So. What do these stories have in common? In both cases, they’re stories of politicians avoiding taxes like they avoid marital fidelity. You’ve got the sixth most populated city in this great state of ours having pretty much less money in the bank than I do, and still the City Council can’t be convinced to raise taxes. You’ve got politicians tripping over themselves, in some cases even going so far as to insist on different names for pretty much the same thing, to avoid labeling something they had a hand in creating as a tax. It’s the politician’s side of that conventional wisdom I mentioned earlier: raising taxes is career suicide. Rhetorically, this turns taxes into a cudgel for political opponents to wield against one another, while it turns defenses against accusations of raising taxes or supporting increased taxes into a performance that needs to be near-symphonically orchestrated.
Which is weird when you think about it. Most of the time, the people wielding said cudgel aren’t the kinds of people whose political philosophies make them opposed to any and all taxes. Instead, they’re the kind of people who want the government to keep funding things like fire departments and schools and police forces and roads and coughcoughwarscoughcough, and I’d certainly assume they realize that in most cases the revenue to do such things comes from taxes. So, as the audience for this cudgeling, we’re denied the opportunity to see candidates deliberate important aspects of tax issues. In effect, we cut some really important steps off the flow chart, steps like, oh I dunno, “do I support what this tax will go to pay for?” or “can the revenue this tax would generate be found elsewhere without cutting other necessary services?” and are left with just “is it a tax?” And an affirmative answer to that question apparently leads to such resolute opposition that it just must be avoided at all costs; all the better if you can accuse your opponents of being pro-taxes, too. It illustrates how powerful a simple word can be, and how awareness of that power can lead to attempts to harness it and turn it against opponents.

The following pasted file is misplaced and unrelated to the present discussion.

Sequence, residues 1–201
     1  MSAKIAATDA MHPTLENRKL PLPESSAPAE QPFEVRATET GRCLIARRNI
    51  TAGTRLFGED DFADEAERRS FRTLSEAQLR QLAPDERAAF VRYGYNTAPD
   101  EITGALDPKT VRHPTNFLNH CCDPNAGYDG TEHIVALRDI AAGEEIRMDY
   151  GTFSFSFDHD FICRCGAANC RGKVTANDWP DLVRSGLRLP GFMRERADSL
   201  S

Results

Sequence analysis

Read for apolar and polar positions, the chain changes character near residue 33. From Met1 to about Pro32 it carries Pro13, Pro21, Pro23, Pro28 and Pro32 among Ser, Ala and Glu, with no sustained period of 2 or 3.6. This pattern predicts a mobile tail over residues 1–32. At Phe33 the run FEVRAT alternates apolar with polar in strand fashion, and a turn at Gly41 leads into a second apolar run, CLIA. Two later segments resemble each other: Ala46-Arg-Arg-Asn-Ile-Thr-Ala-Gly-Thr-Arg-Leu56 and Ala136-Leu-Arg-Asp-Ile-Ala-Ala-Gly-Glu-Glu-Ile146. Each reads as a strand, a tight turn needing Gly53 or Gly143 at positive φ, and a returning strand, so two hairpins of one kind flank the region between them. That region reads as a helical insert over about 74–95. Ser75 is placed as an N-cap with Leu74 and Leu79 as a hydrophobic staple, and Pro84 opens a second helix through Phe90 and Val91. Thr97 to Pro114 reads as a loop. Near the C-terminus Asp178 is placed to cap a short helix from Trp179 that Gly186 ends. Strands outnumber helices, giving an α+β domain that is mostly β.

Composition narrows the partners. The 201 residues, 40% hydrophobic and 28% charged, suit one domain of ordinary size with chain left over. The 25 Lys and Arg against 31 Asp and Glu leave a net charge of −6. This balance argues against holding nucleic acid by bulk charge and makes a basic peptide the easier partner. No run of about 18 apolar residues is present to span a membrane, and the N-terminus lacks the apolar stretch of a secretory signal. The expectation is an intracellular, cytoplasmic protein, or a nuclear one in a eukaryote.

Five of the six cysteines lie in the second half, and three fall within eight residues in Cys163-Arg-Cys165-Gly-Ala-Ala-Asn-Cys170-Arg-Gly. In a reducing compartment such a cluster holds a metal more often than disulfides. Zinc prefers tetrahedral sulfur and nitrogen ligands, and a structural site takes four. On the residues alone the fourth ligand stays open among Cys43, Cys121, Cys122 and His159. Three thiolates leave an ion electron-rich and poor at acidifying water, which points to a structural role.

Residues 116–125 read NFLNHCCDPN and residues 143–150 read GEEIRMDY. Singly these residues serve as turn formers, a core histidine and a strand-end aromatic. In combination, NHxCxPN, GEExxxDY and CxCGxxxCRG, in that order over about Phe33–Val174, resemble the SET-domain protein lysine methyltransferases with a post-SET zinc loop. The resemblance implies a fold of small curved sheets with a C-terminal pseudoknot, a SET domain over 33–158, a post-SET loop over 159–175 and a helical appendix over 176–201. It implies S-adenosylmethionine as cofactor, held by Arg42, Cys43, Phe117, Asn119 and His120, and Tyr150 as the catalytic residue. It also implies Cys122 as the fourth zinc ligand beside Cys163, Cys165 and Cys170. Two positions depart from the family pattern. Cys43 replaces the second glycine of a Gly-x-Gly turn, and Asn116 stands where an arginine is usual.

If you want to know more:
- As rhetoricians, the idea that language is powerful has kinda been one of the cornerstones of our discipline for the past few millennia. Still, in writing the above post, I thought specifically of George Lakoff’s Don’t Think Of An Elephant and how it applies the rhetorical notion of framing to political discourse, and also what Norman Fairclough calls “the technologization of discourse,” which he elaborates on in Discourse and Social Change, among other places. This idea refers to the way in which public language choices are becoming increasingly engineered to give desired impressions and get desired results; because language and society are so intertwined, language is being treated, in effect, as a tool or technology to affect social changes. So, in a sense, institutions of power are getting wise to what we rhetoricians have known all along. But it’s not just politicians and powerful institutions etc. using language this way; Fairclough also discusses the possibility of “bottom up” social change stemming from the same careful view of language.